The Concience

“Pray for us, for we are sure that we have a good conscience.” Hebrews 13:18
The first time I recall having a guilty conscience, I was in the first grade. Miss Hamm asked us to give a penny to the Red Cross, and in return we would receive a little white metal button with a red cross to where on our collar. I didn’t have a penny, so I “borrowed” one, gave it to a worthy cause, and wore the cross.
To say that I felt cheap would be an understatement. Believe me when I tell you I felt more than a penny’s worth of guilt. Nothing made up for it.  It simply would not go away. The more I tried to justify it, the worse I felt about what I had done. I knew the difference between right and wrong, but I had ignored what was right and did what was wrong.
There is a difference between being knocked unconscious and lacking a conscience.  The first is the result of a concussion to the head. The second is the repercussion of sin upon the heart. The unconscious man has had the sense knocked out of him. The man without a conscience ignores the sin in him. Both require a remedy.  One is physical, and restores clear consciousness. The other is spiritual, and restores a clean conscience.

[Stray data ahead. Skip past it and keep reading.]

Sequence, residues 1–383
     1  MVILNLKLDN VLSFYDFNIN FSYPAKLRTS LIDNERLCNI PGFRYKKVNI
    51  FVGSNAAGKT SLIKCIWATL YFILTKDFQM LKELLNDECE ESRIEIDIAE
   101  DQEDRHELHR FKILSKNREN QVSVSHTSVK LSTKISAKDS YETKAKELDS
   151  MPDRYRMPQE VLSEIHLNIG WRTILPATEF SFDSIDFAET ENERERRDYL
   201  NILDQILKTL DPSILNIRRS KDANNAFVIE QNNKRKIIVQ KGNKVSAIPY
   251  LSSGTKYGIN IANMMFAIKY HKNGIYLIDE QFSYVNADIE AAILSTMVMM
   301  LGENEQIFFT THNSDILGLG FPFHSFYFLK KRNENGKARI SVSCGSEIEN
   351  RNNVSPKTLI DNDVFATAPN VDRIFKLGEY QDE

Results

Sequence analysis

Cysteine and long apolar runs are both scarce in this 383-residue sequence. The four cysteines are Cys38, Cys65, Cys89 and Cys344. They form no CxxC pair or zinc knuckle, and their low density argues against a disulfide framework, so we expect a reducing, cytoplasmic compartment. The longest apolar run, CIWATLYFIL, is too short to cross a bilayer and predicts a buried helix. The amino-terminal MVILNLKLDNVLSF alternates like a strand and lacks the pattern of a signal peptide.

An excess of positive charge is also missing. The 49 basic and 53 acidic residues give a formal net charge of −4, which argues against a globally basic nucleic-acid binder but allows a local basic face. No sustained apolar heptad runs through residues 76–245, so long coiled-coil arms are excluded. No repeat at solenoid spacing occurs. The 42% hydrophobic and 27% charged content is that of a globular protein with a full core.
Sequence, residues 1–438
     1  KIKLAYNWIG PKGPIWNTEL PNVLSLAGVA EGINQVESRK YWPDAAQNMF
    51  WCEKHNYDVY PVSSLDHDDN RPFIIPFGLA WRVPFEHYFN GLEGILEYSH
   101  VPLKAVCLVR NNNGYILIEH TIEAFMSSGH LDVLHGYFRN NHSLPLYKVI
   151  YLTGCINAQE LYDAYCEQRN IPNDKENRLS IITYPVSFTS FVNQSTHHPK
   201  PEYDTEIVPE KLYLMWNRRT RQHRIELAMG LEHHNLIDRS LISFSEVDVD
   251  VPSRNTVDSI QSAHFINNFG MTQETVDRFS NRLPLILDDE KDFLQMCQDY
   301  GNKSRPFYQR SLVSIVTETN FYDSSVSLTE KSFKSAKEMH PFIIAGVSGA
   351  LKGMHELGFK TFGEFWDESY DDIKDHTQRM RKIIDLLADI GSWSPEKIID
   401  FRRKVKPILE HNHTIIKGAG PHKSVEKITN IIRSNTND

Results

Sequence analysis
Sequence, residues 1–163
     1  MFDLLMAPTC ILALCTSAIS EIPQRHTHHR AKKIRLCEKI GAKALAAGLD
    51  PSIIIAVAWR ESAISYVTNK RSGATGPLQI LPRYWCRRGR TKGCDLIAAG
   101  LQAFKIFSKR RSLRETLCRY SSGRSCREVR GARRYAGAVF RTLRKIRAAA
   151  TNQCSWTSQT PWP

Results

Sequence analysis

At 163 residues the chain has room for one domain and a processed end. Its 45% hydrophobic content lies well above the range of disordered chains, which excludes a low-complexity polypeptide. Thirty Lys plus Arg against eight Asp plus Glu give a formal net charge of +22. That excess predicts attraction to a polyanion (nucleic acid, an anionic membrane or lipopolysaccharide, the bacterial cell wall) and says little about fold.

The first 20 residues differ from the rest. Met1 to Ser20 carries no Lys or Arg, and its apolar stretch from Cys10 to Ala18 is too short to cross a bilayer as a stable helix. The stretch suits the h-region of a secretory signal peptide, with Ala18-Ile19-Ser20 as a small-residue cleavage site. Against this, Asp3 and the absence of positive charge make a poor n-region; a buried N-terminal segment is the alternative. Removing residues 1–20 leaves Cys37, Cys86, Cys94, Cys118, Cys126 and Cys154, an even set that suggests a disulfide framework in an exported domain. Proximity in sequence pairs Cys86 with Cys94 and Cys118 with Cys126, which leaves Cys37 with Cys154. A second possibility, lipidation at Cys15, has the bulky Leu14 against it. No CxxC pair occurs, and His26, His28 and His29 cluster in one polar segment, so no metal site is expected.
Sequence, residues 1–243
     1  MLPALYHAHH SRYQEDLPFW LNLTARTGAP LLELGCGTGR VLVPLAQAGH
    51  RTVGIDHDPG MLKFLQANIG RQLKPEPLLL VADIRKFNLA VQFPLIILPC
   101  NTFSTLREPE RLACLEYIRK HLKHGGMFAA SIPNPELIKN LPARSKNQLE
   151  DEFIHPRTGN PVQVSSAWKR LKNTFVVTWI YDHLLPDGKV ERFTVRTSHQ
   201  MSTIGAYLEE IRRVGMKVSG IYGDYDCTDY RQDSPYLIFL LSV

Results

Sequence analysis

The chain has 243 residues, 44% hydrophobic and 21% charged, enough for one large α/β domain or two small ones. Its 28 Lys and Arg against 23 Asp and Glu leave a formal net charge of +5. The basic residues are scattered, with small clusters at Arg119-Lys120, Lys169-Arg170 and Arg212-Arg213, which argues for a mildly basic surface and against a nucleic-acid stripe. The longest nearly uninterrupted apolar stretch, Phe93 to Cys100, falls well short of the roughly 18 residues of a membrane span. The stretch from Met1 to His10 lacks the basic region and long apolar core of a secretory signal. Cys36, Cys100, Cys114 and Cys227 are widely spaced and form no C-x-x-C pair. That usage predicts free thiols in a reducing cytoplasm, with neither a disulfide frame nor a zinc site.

The author of Hebrews called for prayer from his friends, while living in friendship with God. He was at peace with himself and at peace with God, knowing that he and God breathed the same air. Though in need of prayer from his friends, he prayed and lived within the agreeable climate of a good conscience with God.
Conscience refers to a joint knowledge of something. In the case of the author of Hebrews he was on the same page with what he knew about right and wrong and with what God knew about him. He and God were in agreement, and though not a perfect man, he was at perfect peace with letting God give him direction, protection and correction.
The author of Hebrews was totally convinced, and clearly confident in his conviction of right and wrong. He had a good conscience because he was aligned with God’s view of right and wrong. He knew the difference between what was moral and immoral, and inclined himself to be aligned with God’s view of these matters.  He was free from guilt, reconciled with God, and humble enough before his fellow believers to call on them to pray for him. Prayer led him to a climate zone, where he lived in humility before others and in purity before God.
NOTE TO SELF: Asking for prayer is hard because it requires the humbling of your ego. Refusing to do so reveals your pride. Praying for your self leads to a good conscience, because you yield your will to God’s knowledge of right and wrong, and align yourself with Him. Ask for prayer, from your friends, but maintain your friendship with God. You need both. Asking for prayer from others without praying to God yourself, won’t  realign your will to His. TALK LESS! PRAY MORE!